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2.2 Social themes in Hair

“Ragni’s and Rado’s desire was to create a musical that would reflect the hippie life-style” (Knapp, 154), Jones writes “Hair was a fully fleshed-out theatrical depiction of the hippie counterculture and the New Left during the late 1960s” (249). And as such, it reflects the issues hippie culture was trying to warn against. This thesis will organize and discuss them one by one.

2.2.1 Pacifism

If there is some central theme in the musical, it definitely is pacifism, which is followed by the storyline. Claude obtained his draft card and has to decide what he would do about it – whether he would burn it or whether he would obey and think about what his parents and country need from him. While investigating his inner dilemma, Hair offers hippie view on war as complete nonsense and the worst crime. Songs such as “Three-Five-Zero-Zero”, “Don’t put it down”, “Hare Krishna”, and the final “Let the Sun Shine In” reflect the hippie calling for peace.

Miller adds that “the first version of Hair was exclusively about war in Vietnam and other themes were added when the show was about to be moved to Broadway in 1968” (n. pag.). In the second version Claude’s dilemma about the war is the only dramatic through-line at least, highlighted both comically and dramatically by symbols of war in the drug trip in Act II.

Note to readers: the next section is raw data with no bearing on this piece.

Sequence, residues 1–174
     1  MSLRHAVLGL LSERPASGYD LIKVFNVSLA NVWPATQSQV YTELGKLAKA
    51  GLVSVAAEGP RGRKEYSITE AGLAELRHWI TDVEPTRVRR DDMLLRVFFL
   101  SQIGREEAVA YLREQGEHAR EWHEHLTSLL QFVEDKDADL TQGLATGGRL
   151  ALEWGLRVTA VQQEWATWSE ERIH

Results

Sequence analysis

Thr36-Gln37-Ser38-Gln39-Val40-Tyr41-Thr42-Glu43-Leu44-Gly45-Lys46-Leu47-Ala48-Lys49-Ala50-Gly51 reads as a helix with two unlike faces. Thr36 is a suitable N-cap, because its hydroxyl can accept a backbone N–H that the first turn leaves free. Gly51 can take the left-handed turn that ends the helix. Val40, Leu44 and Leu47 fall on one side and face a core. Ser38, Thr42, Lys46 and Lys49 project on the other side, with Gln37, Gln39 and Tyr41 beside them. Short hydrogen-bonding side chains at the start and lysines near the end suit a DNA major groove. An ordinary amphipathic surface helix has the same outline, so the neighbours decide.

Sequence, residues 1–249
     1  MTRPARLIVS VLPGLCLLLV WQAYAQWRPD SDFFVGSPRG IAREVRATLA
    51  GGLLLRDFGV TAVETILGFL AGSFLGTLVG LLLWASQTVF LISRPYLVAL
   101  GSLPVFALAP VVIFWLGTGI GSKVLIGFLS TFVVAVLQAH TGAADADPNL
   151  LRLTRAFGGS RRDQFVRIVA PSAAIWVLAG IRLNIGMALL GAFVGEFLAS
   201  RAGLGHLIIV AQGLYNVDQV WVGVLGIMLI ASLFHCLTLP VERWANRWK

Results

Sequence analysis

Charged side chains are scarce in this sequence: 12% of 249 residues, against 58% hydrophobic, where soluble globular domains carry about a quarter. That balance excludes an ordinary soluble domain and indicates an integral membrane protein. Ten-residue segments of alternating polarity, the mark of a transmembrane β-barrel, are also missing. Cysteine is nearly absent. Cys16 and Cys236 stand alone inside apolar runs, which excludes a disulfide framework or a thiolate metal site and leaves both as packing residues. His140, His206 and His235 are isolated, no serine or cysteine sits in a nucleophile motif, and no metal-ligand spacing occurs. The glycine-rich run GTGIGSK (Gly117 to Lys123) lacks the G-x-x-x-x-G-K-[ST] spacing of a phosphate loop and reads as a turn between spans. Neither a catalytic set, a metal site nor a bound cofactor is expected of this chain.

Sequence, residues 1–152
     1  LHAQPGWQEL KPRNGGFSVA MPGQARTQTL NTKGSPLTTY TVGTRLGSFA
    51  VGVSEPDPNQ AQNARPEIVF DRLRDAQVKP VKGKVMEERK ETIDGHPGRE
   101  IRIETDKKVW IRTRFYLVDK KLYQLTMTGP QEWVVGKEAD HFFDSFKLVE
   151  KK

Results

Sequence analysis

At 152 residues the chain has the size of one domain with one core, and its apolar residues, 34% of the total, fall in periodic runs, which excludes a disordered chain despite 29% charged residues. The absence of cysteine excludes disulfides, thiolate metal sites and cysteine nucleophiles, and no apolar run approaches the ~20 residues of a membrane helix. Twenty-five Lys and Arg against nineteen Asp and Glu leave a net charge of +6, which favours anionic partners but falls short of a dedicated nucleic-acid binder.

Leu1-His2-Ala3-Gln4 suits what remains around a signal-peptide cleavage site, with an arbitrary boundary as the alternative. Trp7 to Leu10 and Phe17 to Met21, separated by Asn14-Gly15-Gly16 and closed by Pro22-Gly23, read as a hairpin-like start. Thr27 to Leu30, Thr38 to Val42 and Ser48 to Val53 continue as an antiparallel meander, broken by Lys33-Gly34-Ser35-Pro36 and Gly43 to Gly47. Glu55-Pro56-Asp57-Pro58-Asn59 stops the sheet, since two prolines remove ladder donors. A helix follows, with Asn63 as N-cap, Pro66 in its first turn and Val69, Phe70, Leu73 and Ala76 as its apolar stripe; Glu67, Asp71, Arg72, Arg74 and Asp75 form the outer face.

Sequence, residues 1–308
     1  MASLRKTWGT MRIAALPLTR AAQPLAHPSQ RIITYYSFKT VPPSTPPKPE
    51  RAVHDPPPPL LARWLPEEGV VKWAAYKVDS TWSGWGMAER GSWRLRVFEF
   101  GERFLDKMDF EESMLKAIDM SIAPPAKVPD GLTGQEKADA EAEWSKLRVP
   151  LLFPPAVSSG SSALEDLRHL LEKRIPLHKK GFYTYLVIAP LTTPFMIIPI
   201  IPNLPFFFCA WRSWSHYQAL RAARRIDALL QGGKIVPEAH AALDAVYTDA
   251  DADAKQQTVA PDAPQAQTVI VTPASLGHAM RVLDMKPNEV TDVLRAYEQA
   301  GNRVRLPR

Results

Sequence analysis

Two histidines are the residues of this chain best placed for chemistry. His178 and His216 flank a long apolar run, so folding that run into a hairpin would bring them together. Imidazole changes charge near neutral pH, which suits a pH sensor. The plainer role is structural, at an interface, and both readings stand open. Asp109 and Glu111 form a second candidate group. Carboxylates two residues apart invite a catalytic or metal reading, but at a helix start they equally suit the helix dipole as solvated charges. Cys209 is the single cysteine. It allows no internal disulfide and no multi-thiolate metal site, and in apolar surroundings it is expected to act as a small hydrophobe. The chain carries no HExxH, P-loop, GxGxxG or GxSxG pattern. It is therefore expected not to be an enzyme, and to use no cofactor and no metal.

2.2.2 Racism

Hair continued to speak out loud about racial segregation, building on tradition started by opera Porgy and Bess for example. What is more, the cast consisted from one third of African Americans whose characters were portrayed equal to white members of tribe. Hair ignored any demand on politically correct speech or politeness of society. It worked with racist labels very openly to show how ridiculous they are and wanted audience to face them.

Some Hair songs address racism or racial issues directly. “I’m Black” covers racism theme as a whole, “Colored Spade” consists in fact only of bad names, of racial slurs, “Dead End” in turn speaks of various examples of inequality of rights and racial discrimination expressed by street signs. “Black Boys / White Boys” wittily portrays relationship and mutual attractivity of people of various races. “Hair shocked the audience by showing how absurd, offensive, nonsensical and dangerous are the the language and behaviour society considered – and still consideres – normal” (Miller, n. pag.).

2.2.3 Sexual revolution and generation gap

In “Abie Baby” President Lincoln is performed by a black actress, what is one of moments where Hair touches the theme of sexual revolution, of women’s fight for equal rights. The hippies’ flag, their long hair, also should, according to Miller, symbolize rejection of discrimination and restrictive gender roles, celebrated again in the song “My conviction” (n. pag.).

“Black Boys / White Boys” is unorthodox for the sixties from the sexual revolution point of view. Women express their feelings about men in a way that was considered normal only the other way around. Hair clearly admits that women have same rights as men and not only in the field of expressing their feelings.